FOR THOSE of us who couldn’t give two hoots about the forthcoming marriage of Prince William and Cut Glass Kate, there is, at least, one amusing news story surrounding the much-ado-about-nothing affair.
Chinese designers produced Will & Kate mugs showing Kate’s portrait and that of, er... Harry.
If only we could have seen the expressions of the designers’ faces as thousands of them rolled off the production line (the cups, that is, not the designers).
The fabulously absurd mistake will make the mug a collector’s item in years to come, so experts believe.
But why stop there?
I say carry on – the potential is enormous.
How about Kate and Osama Bin Laden, or Will with Katie Price, or – if they’re feeling topical – Katie Price and Gaddafi.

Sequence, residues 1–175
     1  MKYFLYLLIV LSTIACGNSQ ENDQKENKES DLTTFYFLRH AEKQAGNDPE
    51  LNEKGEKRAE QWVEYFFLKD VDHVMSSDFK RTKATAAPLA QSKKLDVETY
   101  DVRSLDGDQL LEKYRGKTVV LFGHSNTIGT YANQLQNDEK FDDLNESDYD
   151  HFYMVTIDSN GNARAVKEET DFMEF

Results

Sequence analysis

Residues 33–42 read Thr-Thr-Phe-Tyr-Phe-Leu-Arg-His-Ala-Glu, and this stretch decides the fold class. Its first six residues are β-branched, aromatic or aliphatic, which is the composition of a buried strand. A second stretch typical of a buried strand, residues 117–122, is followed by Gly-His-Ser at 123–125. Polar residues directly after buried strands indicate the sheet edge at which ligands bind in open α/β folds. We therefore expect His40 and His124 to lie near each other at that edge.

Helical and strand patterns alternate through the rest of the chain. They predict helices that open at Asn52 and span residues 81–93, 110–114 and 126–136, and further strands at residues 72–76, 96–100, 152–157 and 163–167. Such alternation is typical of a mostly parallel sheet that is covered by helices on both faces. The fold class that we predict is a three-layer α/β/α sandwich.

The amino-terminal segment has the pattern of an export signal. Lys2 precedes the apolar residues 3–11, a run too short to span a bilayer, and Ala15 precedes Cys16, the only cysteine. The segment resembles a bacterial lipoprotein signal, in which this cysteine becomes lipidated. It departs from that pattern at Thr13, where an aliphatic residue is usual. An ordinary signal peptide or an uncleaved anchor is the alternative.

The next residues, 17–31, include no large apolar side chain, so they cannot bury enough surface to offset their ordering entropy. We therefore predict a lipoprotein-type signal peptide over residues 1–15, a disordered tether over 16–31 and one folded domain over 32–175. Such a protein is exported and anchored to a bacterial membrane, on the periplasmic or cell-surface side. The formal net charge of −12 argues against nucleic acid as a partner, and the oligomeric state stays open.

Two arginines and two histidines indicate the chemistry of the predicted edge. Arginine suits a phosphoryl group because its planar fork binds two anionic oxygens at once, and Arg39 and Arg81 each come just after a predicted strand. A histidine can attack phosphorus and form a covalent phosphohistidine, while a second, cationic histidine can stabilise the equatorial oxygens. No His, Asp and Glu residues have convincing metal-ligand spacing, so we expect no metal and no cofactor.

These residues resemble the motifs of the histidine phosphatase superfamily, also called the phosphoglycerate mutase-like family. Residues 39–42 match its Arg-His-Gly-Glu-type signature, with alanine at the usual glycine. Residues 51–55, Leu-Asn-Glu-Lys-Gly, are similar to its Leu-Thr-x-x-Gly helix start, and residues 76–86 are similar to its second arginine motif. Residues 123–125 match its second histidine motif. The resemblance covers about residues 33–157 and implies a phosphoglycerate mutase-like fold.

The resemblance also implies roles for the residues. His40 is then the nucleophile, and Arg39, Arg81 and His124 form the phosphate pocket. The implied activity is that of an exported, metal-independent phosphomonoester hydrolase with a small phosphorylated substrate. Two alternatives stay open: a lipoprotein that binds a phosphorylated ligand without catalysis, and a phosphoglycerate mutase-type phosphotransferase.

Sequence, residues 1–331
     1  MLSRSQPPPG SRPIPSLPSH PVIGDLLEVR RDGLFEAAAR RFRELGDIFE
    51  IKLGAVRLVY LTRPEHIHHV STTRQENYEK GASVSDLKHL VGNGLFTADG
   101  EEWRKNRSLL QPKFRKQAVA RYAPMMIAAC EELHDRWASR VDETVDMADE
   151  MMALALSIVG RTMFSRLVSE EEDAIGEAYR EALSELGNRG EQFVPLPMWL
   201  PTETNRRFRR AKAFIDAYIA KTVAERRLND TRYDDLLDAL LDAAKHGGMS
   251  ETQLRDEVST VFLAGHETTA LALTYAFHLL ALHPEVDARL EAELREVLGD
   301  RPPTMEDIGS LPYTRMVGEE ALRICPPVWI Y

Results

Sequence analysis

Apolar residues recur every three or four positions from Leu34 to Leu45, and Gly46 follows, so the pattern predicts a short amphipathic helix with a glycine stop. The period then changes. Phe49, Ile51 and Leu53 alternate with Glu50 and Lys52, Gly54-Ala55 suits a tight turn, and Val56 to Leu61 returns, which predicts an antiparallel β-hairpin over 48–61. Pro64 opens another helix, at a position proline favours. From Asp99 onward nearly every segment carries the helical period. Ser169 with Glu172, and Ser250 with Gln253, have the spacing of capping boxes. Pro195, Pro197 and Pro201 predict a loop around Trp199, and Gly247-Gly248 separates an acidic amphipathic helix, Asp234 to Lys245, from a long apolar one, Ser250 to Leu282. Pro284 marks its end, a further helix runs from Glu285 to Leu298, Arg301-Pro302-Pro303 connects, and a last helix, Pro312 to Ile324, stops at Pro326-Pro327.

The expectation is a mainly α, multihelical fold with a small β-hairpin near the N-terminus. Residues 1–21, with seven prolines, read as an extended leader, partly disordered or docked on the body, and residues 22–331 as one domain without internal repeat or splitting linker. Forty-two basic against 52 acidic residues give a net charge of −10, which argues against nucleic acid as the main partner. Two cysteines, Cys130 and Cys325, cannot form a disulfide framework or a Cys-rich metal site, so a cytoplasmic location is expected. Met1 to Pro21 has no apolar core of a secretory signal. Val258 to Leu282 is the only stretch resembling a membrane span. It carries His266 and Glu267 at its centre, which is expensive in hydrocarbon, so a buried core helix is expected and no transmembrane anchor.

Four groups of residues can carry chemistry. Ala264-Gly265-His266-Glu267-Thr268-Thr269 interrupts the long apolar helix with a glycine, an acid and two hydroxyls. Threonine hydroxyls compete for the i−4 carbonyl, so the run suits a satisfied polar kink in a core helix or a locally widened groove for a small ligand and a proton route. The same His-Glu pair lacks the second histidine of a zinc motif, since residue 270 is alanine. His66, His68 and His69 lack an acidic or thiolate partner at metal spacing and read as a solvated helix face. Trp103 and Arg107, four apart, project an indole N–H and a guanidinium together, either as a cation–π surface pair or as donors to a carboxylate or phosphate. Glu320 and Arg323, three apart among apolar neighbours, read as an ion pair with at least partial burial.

At least then these tacky trinkets would double up as political zeitgeists, not just gushing kitsch.
Creative? New? No thank you
AS WITH most things today, the CV has now joined the bland brigade.
At least, that’s what a Norwegian study has shown.
Unconventional CVs are dismissed more readily than run-of-the-mill numbers.
This is unfortunate but also unsurprising. In a culture where millions read mindless drivel about boring celebrities and tune in to televised dross (the X Factor), during which mediocrity practically oozes from the TV screen, it’s hardly shocking that the fear of anything new, different or remotely interesting also extends to HR.
Silence of the Lambos
EVER driven to the brink of insanity by technical hitches?
One man was so enraged by the constant technical malfunctions of his Lamborghini that he arranged for a group of sledge-hammer wielding men to destroy the car.
He thought so little of the £175,000 car that he wanted to completely wreck it – and he did it on World Consumer Rights Day.
That’ll teach those Lamborghini mechanics to fix things properly.
Perhaps his next car was a Volvo.